One can argue that Germany makes good products, brings forth good engineers and many other good things. Sadly Germans are also one of the most unpatriotic and job-insecure people you will ever meet. How does that fit together? People feel they always have to compete against the rest of the world while being told “you are not good enough.” Common education standards equalize – not raise – education standards at the expense of people losing their identity.

My brother, by the way is a baker, having been tested by government computers at age 14 that this is what he could become. He still thinks he is not good enough for anything else, or even to start up his own bakery.

I have seen the effects of common core in my own life and had a hard time to break out of this rut. In Germany common core has already broken the hope, vision, and imagination of many people. I am not willing to see another country make the same mistakes. Do not hand over more control to the government. Parents, let us be responsible!

15 thoughts on “The German Education System by Shana Osterloh”

  1. Utahns against common core. I am completely against common core, as a matter of fact so is my husband who is from Spain. Individuals progress at different rate and we don’t need to be fit into a box and told hat we can and cannot do. What are you trying to do? Stop people from dreaming! Yes, the less that we know the more controllable we become. Common Core does not work. I have seen it in Europe. So many talented individuals have their dreams taken from them because of how the educational system works. It is horrible. Don’t let this happen in our nation. Let us unite together and be a force for good. Keep the government out of the educational system. They are only diving into something tht they don’t understand in order to create more funds for the government,

    1. Thank you for sharing. I agree with Shelly. My husband and I both made a career change when in college. I am sure we all know others who have done this. They’ll name it something else if we don’t continue to network and see this ALL the way through. Encourage others to understand it and write legislators. It falls to them. USOE are appointed. Then stay with a vision of what you want to see. Attend your school board meetings and don’t let them lie to you. Take notes, remind them that you know your history and then run for school board or support someone who represents your views of what you know educational services should be.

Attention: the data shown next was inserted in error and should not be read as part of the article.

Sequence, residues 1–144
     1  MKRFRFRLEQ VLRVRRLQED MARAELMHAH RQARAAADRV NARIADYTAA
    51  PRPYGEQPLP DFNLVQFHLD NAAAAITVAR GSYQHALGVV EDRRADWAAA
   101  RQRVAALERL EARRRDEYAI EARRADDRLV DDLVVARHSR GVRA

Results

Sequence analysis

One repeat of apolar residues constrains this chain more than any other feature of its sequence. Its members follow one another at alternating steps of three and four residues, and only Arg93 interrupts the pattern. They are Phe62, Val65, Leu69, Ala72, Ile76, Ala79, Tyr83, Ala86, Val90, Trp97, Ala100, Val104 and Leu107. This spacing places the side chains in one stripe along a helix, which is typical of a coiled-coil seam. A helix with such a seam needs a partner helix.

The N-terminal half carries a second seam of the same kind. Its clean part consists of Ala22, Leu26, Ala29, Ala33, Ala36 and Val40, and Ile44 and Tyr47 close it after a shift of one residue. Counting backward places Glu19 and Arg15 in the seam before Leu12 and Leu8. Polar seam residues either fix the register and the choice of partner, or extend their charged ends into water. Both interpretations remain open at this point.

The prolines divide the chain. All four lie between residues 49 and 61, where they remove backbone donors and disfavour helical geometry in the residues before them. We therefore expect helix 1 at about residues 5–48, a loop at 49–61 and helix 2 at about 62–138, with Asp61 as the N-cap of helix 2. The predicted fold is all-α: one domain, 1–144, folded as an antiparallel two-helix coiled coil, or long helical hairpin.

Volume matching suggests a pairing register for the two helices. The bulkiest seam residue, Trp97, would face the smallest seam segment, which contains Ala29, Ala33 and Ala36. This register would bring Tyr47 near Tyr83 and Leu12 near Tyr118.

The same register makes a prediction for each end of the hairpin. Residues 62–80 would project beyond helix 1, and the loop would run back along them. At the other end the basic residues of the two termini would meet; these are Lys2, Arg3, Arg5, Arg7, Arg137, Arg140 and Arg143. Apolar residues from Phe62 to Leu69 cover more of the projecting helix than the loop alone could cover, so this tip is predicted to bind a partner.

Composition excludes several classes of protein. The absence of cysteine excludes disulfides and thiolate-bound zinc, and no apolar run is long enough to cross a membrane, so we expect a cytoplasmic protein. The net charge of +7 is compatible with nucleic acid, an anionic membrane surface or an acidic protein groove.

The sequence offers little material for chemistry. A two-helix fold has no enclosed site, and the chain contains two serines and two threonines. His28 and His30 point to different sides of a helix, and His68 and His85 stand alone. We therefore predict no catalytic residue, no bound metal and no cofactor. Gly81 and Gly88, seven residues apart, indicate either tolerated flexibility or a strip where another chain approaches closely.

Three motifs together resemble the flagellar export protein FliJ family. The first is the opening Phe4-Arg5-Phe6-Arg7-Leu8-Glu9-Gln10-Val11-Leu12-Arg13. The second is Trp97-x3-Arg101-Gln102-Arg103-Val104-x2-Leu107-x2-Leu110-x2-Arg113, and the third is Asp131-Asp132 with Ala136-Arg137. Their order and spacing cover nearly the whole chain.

2. All parents will be attending “Back to School Nights” at their children’s schools and we must not miss this opportunity to hand out literature informing everyone about the evils of Common Core. I plan on making copies of the stuff I received during Glenn Beck’s seminar at the Grand America and handing them out. Visit utahnsagainstcommoncore.com and see if there is anything that can printed and distributed!

    1. We are willing to believe and distribute materials from a for-profit-entertainer who holds ticketed “seminars” at the Grand America hotel but are unwilling to trust state education officials and elected governors ?!!!

      1. From what I understand, GBs events and the proceeds there from all go to his Charity arm, MercuryOne. There are waaaaay too many reasons not to fully trust the government…read history, even recent history. We were told by our founders not to blindly trust anyone with power. That’s why we have the Constitution.

        1. Yes you are right about not blindly trusting anyone with power. The founders had the king in mind when they said that. I think it is okay to trust democratically elected governors and state officials that are indirectly accountable. Or at least to give them a chance to try something different than the tired old system that is not working well for most students. If we don’t trust the government, the school board or professionally trained teachers that WE as a society put in place to provide education services among other things, then who do we trust ? The private sector that by definition has to look to making a profit over and above anything else ?

          1. The private sector lives and dies by providing a service people want. Government is under no such restriction. They tax us regardless of whether their *service* is a quality product. I’m in favor of governmental entities shrinking as much as possible and letting the market provide what people actually want to spend their money on. In education, where we have free public schools, if a school wants to experiment and pilot a new technique or program, I’m in favor of that. However, if you want to switch all schools to an untested, unproven program, which is actually the brain child of private sector companies looking to make big bucks, I’m totally against that. It just enriches the special interests and puts children at tremendous risk. That’s Common Core.